This planning would be very helpful and go a long way toward keeping with your bathroom renovation plan as you move along with the project. Once you start with the renovation, you have to know that the process could take around 30-90 days. No matter how long it is going to take, try to resist the temptation of changing your plans unless financial constraints or problems arise. Change of plans will force you to spend more and for the completion date to extend further out.
From the tiles that will go on the walls to the appliances that will be installed, anyone who has completed a home renovation before knows that it is better to have just about everything picked out before you begin the work. This is because you will need to make numerous decisions once the renovation starts, and the more you’ve made beforehand, the better off—and better educated—you will be. Online tools like Pinterest, showroom visits, and/or material samples can help, and don’t be afraid to start purchasing items to get the ball rolling.
If you're unsure of which design style or paint color to use, hire a designer. They'll use discriminating taste and a trained eye to help with making the big decisions. Also, remodeling your home with a cohesive plan in mind makes all of your choices easier and ensures a pulled-together finished look. So, when you get the right mix of time or money, you'll know exactly which project to take on next.
I hesitated to add this to the list, because sometimes helping hurts, if you know what I mean! The same thing goes for doing it yourself. If you end up messing things up and have to hire someone to come fix it, then you’ve added expense to your project rather than saving money. But if you have electrician friends who’ve offered to help, or someone who has laid flooring in their home and has the equipment and experience, definitely take the help! But be judicious with who you allow to help, and make sure you communicate whether or not financial compensation is expected in exchange. Trading professional services is one way everybody wins in this type of scenario.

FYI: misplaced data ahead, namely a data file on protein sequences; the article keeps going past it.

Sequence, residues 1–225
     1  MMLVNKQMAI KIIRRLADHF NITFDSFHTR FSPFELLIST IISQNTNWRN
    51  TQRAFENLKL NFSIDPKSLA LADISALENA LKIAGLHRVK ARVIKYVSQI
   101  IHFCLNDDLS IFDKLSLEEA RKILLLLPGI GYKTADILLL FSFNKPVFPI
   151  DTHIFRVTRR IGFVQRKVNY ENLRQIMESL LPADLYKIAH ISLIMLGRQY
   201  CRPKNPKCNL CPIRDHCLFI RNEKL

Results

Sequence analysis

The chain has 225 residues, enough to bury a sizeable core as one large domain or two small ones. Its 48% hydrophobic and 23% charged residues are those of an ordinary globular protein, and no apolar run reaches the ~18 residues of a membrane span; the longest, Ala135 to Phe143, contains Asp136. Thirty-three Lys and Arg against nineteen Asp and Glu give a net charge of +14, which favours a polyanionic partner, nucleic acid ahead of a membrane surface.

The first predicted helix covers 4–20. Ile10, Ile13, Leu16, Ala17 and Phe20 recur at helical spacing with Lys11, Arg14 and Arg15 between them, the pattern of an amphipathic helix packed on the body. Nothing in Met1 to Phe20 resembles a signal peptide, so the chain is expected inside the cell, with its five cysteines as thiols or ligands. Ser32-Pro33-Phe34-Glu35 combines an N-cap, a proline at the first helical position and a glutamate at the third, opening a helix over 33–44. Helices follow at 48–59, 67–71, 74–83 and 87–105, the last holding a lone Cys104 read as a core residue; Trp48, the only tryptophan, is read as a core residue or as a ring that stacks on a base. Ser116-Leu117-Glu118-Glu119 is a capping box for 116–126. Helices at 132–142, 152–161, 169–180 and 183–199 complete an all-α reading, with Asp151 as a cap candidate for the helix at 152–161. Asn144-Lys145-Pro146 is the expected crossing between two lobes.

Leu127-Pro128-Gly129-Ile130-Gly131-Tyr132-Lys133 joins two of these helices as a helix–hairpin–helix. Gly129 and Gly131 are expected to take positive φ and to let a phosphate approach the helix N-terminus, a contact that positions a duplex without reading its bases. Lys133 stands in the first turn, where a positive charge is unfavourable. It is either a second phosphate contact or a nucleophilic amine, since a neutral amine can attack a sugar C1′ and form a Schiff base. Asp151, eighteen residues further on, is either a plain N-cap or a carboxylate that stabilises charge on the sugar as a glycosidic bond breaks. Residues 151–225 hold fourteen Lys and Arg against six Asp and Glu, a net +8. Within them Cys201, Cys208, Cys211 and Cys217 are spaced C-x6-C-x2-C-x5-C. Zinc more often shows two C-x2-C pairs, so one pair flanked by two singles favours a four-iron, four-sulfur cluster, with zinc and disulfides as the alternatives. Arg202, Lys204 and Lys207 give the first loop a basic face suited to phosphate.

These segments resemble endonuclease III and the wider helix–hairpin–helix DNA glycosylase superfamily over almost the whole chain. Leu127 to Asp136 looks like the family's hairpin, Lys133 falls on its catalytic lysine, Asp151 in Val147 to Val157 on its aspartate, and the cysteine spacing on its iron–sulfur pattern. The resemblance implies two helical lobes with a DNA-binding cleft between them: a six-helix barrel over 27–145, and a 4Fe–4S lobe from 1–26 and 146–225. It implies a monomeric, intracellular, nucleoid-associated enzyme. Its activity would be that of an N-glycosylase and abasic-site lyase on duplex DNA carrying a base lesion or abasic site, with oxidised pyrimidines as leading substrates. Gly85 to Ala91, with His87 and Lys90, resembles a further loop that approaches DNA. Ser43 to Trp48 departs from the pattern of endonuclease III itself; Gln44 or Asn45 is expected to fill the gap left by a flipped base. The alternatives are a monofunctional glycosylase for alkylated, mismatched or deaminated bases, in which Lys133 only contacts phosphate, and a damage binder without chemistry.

Existing conditions in a house can radically change the budget and scope of a renovation, as sometimes something as seemingly simple as adding an additional outlet to a room can result in the rewiring of an entire home. If you know, for example, that you occasionally blow a fuse when you turn on your hairdryer and have the dryer going on at the same time, that should be a hint that you may need to upgrade your electrical system.
Yet at the same time, keep things in perspective: just because something hasn’t been delivered on time or because you’re a bit behind schedule isn’t the end of the world, and it’s best to try and have the mentality of "how can we fix this?" rather than "whose fault is this?" Most importantly, keep your eye on the prize, and remember the revamp isn’t going to go on for forever, although it may sometimes seem that way in the process.
For something so disproportionately small in the bathroom’s grand scheme of things, fixtures and hardware are so important for providing that chic finishing touch on the entire space. And, truly, the cost is not that much for such a major impact. In fact, if you did nothing more than replace an old sink faucet, your entire bathroom would look significantly better.
However, if you’re considering a home renovation, think practically about what you can and cannot do; painting the walls of a small bathroom may be totally feasible by yourself, but painting all of the walls of a 4,000-square-foot house is likely less so. While you may think you would be saving a lot of money by doing the work yourself, if it is something unfamiliar, it might cost even more to have a professional undo and then properly complete the project.